Yesterday, Patterson Harkavy filed suit on behalf of seven North Carolina parents challenging the constitutionality of North Carolina’s private school voucher program. The suit is supported by the North Carolina Association of Educators (NCAE) and the National Education Association (NEA).
Officially known as “Opportunity Scholarships,” the North Carolina private school voucher program provides $4,200 per year to pay for part of the tuition at a private school. Private schools funded through the Program are subject to almost no meaningful requirements. They are not required to provide instruction on any academic subjects, can be operated by entities with no educational experience, can hire unqualified teachers, and have no obligation to improve student performance in any measurable way. Since the Program was first implemented, the state has failed to provide even the minimal oversight that the statute requires.
The voucher program has expanded dramatically since it was initially implemented in 2013. In the 2019-2020 school year, the State Education Assistance Authority provided 12,284 vouchers to private schools. Many participating schools openly admit to discriminating on the basis of religion, require students to sign statements affirming particular religious beliefs, and reserve the right to discipline students who fail to attend religious services or whose beliefs deviate from the school’s official religious doctrine. Schools are free to provide no education in non-sectarian subjects, and instead focus exclusively on inculcating religious beliefs. Many schools also discriminate on the basis of sexual orientation and require students to maintain religious beliefs condemning homosexuality, same-sex marriage, and gender non-conformity.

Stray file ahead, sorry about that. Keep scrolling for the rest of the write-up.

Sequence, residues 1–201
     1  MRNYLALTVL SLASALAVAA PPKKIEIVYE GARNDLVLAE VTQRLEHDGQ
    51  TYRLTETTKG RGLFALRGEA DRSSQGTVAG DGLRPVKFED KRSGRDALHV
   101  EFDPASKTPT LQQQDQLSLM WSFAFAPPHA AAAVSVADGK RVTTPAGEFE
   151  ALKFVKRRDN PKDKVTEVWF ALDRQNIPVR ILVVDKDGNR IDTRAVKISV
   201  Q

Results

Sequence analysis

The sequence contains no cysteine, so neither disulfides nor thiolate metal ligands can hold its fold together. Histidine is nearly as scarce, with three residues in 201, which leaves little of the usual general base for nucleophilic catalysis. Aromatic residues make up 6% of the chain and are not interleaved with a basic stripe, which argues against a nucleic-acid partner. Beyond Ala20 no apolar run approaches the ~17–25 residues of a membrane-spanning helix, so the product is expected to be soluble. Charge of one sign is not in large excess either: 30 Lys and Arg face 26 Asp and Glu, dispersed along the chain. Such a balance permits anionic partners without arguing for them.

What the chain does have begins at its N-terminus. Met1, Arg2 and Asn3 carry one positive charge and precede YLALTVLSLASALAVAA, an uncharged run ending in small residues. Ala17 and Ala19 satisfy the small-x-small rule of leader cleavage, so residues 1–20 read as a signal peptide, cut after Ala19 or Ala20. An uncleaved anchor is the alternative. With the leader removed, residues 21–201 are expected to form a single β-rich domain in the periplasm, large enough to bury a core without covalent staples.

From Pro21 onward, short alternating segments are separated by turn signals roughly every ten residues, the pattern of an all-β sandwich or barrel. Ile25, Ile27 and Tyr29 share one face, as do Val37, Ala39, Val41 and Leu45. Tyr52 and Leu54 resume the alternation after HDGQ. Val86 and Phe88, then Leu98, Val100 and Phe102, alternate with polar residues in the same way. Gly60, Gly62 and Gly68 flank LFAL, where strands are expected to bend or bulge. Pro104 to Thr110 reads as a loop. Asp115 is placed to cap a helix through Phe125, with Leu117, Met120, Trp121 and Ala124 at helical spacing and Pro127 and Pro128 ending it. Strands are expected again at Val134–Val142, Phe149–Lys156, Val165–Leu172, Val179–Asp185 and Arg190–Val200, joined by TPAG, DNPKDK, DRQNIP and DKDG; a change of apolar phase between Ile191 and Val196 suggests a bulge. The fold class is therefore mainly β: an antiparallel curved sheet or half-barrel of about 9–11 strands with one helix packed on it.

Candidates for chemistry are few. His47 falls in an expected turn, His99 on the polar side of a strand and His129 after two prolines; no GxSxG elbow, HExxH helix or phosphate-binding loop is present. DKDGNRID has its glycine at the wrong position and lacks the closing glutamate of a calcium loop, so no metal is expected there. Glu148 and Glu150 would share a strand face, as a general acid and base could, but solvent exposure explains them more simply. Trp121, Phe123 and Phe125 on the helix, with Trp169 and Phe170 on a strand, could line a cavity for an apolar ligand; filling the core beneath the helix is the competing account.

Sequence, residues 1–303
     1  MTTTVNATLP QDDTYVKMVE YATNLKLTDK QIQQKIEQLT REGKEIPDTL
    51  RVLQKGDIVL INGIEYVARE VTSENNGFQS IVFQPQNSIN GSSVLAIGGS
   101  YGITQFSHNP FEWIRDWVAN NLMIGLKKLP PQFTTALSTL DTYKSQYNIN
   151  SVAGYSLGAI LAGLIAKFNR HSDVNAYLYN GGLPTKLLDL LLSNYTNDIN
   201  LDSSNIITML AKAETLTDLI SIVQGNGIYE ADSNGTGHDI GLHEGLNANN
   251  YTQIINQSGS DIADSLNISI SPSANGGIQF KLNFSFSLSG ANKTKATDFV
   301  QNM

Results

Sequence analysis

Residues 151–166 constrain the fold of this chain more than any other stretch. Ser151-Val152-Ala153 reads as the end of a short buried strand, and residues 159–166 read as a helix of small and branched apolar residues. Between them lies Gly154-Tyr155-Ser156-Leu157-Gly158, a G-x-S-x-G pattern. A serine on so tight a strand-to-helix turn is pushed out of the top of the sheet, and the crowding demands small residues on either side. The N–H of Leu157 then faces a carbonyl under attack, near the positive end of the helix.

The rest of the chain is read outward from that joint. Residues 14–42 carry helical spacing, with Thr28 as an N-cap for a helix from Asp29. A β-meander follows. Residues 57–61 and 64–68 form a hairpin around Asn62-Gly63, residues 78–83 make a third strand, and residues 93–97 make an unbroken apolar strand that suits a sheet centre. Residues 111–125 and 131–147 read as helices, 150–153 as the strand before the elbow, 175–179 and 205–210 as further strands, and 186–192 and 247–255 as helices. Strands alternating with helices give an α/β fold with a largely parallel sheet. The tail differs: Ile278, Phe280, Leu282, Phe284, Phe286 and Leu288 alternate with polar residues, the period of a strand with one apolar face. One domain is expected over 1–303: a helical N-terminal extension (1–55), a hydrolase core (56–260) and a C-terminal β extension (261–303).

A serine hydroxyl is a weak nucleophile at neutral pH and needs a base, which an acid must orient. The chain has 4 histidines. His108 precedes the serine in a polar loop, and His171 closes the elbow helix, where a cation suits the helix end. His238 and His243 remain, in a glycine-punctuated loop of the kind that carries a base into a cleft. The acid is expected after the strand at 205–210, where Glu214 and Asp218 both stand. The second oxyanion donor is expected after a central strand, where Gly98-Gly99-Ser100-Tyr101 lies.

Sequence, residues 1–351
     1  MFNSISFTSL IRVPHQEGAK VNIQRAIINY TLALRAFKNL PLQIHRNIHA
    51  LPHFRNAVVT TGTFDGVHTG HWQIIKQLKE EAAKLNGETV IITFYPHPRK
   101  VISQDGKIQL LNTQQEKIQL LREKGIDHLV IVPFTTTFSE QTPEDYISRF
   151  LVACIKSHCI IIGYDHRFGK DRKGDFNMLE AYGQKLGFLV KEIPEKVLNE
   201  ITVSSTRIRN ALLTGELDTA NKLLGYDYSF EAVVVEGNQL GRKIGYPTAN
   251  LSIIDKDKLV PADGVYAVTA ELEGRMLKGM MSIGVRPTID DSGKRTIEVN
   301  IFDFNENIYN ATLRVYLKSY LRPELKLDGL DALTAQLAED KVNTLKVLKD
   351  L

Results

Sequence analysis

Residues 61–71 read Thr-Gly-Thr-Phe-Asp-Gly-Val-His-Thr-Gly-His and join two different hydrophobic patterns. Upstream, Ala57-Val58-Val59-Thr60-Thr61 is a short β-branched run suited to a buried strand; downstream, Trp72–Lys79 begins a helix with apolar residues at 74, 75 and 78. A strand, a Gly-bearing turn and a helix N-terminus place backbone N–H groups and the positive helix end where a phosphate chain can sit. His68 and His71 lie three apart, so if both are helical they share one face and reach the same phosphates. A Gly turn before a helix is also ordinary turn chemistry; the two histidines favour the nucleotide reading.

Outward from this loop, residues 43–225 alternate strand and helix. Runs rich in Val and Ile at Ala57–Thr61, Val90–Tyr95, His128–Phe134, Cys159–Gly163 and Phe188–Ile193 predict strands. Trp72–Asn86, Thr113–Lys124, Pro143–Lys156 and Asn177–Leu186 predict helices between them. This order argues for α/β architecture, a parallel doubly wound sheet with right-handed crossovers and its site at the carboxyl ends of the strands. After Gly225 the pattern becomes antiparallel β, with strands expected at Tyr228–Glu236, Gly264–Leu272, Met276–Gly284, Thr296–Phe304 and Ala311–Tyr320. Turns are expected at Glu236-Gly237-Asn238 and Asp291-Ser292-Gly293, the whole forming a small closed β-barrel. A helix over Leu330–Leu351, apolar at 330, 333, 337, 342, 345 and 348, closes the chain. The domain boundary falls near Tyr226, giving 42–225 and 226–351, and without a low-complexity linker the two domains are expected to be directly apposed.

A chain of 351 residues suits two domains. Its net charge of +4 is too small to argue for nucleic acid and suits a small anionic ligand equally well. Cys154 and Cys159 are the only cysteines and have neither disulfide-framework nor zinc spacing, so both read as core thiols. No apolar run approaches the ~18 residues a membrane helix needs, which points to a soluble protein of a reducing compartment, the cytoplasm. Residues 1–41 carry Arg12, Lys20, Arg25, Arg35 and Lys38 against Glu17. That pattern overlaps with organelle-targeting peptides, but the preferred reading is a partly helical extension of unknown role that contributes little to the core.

The North Carolina State Constitution includes a bar against religious discrimination that does not appear in the U.S. Constitution: in North Carolina, no person shall “be subjected to discrimination by the State because of race, color, religion, or national origin.” Our state constitution also provides: “All persons have a natural and inalienable right to worship Almighty God according to the dictates of their own consciences, and no human authority shall, in any case whatever control or interfere with the rights of conscience.” The complaint argues that the State violates these commands when it funds schools that discriminate on the basis of religion, religious beliefs, and sexual orientation. Click here to view the complaint.